May 12, 2021 2:43:36 am
In Aligarh, “Dubey ka padao” is a Covid nightmare. It is 9.30 am, and every inch of this market crossing is occupied by carts, selling vegetables, flowers and even dolls, and a cluster of customers around each. Some vendors wear masks, but most have it around their chins. There are more masks among customers, but no social distancing.
Yet, there is a word that generates more fear than Covid in these parts. “Please, don’t get another lockdown imposed. We can fight Covid, but not starvation,” says Narayan Das, a vegetable vendor.
Aligarh is among the several smaller cities in UP that are reeling under the second Covid wave. It is also under a “partial lockdown” till May 17, with essential items such as fruits, milk and vegetables allowed to be sold from 7 am to 11 am and 4.30 pm to 7.30 pm.
There is no other way out, say officials. On April 29, Aligarh had a daily caseload of 321, a total of 64 deaths and 2,410 active cases. On May 11, the daily count was 227, with 82 deaths and 3,130 active cases. In the first wave last year, Aligarh’s daily count peaked at 197 on September 10.
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But for the sellers like Das, it’s a balancing act between survival and lockdown, incomes and social distancing. And there are no simple answers.
Das calls out to customers loudly. His mask is around his chin, and gloves have been kept aside. A bottle of sanitiser is placed in the middle of his cart. People are more comfortable with vegetables sprayed by a sanitiser, he says. “In these times, anything to improve a sale,” he says.
The thought of contracting an illness that could kill him terrifies him. “But I have a wife and children at home. I have to work for them, and I fear a lockdown will destroy us. They say wear masks. Do they know how difficult it is to shout for our customers with a mask? That we stand in the heat for six hours in the day when it is 40 degrees?” he asks.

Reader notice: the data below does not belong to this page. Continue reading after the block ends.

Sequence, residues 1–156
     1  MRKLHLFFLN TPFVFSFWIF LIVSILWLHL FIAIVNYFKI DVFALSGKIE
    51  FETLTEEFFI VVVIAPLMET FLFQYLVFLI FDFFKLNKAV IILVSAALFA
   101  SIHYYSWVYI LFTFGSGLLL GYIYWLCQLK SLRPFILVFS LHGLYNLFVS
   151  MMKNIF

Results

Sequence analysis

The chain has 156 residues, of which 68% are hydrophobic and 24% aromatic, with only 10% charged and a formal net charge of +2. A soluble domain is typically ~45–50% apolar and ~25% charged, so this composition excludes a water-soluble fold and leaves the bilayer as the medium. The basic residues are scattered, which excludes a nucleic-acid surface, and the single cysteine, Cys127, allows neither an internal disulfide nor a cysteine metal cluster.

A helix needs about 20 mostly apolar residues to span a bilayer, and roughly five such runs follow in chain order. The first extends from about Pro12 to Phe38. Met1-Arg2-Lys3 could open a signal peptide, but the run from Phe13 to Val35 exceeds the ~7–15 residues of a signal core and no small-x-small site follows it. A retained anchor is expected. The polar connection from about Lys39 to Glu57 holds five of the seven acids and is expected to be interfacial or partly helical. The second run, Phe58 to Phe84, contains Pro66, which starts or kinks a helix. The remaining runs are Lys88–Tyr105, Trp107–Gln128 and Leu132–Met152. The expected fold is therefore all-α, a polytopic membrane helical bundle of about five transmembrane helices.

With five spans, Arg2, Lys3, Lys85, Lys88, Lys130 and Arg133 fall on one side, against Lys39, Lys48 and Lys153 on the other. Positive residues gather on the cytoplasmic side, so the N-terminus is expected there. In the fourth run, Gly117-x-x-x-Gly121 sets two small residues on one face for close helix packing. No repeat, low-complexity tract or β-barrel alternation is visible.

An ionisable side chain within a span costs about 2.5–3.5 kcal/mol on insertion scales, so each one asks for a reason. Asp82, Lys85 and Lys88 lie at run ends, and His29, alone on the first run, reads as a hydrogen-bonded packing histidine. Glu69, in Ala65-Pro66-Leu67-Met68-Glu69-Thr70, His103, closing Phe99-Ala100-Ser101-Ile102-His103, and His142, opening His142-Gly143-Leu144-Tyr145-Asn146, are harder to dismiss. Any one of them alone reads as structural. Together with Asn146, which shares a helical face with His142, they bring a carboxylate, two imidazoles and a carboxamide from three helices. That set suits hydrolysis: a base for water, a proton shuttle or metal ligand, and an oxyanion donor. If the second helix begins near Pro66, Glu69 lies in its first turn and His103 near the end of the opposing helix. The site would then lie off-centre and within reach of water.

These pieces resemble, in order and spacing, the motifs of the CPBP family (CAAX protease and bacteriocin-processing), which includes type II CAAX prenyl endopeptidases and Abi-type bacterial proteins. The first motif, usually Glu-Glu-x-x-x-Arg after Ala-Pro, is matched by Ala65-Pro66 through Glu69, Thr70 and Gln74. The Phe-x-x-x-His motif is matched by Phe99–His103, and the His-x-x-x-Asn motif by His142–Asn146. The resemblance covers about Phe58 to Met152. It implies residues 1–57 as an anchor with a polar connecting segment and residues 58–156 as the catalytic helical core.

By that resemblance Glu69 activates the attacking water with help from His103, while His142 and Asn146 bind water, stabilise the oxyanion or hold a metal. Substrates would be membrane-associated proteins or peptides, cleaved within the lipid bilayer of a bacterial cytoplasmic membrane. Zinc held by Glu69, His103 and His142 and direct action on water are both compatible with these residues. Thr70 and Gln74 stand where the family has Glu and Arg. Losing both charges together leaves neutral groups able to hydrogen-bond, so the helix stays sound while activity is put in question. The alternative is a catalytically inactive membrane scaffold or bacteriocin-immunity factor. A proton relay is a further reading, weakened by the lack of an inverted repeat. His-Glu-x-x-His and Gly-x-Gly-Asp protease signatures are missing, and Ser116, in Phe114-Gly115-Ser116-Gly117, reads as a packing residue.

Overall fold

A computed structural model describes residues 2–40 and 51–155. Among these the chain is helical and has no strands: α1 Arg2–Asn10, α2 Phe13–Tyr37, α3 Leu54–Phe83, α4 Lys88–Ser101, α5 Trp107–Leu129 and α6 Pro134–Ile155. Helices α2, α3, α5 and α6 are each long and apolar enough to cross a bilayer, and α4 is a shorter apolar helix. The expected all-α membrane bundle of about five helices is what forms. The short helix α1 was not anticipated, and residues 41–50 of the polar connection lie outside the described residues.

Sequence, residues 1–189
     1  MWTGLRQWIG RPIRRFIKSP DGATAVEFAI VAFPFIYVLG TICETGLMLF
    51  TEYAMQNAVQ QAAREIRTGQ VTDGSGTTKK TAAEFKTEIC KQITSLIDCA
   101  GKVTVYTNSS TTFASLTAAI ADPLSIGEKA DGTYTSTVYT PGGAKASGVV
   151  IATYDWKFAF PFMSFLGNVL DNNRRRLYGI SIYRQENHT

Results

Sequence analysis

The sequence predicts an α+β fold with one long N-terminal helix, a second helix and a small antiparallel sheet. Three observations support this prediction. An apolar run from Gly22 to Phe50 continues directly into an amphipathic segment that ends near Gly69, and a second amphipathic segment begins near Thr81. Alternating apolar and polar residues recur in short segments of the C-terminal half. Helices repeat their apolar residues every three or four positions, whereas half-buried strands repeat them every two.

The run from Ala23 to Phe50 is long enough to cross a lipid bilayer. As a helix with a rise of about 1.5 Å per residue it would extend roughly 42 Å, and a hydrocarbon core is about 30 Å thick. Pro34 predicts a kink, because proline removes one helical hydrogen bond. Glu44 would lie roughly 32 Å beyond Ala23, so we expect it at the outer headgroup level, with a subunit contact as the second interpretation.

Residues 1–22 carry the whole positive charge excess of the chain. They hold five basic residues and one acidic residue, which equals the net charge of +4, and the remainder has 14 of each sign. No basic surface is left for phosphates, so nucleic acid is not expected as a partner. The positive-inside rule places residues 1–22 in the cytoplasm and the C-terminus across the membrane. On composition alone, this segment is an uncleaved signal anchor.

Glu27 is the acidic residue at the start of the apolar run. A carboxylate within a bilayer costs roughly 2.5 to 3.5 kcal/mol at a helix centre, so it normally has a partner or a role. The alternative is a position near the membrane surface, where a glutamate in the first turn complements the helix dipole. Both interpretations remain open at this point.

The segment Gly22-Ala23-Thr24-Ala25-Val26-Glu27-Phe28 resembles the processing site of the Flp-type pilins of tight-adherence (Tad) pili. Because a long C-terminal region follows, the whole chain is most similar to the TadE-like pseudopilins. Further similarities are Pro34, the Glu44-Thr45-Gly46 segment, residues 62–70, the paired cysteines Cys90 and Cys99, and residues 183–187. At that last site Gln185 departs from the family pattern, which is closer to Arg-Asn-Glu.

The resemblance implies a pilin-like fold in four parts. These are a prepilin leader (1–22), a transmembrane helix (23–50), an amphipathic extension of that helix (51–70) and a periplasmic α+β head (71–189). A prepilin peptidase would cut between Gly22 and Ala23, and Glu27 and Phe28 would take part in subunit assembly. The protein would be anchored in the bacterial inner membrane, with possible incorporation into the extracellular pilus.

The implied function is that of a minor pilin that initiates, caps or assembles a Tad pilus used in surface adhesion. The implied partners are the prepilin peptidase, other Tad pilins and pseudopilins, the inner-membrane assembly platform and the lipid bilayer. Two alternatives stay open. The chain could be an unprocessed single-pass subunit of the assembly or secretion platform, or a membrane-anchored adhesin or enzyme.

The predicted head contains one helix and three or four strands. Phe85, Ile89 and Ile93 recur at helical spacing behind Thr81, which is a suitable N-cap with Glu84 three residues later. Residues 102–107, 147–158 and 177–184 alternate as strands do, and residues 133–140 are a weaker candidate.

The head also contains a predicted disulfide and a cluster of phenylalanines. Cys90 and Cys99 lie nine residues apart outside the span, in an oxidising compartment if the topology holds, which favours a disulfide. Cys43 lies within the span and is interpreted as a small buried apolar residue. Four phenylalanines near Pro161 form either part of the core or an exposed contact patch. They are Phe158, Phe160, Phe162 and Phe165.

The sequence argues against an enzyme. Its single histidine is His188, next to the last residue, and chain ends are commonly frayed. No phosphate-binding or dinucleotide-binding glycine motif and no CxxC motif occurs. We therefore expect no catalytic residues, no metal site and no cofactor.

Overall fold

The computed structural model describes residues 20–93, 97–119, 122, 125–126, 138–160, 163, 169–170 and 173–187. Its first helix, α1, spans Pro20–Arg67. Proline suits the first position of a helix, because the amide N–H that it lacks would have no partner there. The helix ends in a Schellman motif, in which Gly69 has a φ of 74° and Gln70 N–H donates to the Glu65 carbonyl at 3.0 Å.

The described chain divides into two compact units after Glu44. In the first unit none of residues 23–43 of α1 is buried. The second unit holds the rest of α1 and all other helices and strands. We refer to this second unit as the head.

Across the road, Mohammad Shahzad has a stall full of unsold bananas, and an hour to go for the 11-am cutoff. “I used to earn Rs 400, even after the first lockdown ended and people started spending money. Now it is only Rs 100-150 a day,” Shahzad says.
There is another reason why Shahzad’s cart is empty. “Last year, once the media and the government said all that about the Tablighis, people stopped coming to Muslim vendors. That fear has still not gone,” he says.
Three kilometres away, at Aligarh’s biggest labour chowk, there is growing desperation among the 500-odd people waiting for work with an hour to go for police patrols to begin. “We sit here from 5 am to 11 am when the police shoo us away. But these days, barely 20 get work in a day,” says Mohammad Shahid.
The mismatch has meant a further lowering of wages, from Rs 400-500 to Rs 100-150. “Earlier, we got jobs as labourers at construction sites. Now, rich people come in their cars and take us to lift the bodies of their family members. They are too scared to touch the bodies because of Corona. But we have families to feed,” says Shahid.
This time, the waiting workers say, there is no government relief in terms of food packets, and no NGOs. “Last time, if we ran out of money and food, we depended on each other, or our families. They gave us a small loan. But now, after a year of hardship, if nobody has money left, what will they give us,” says Rahul Kumar.
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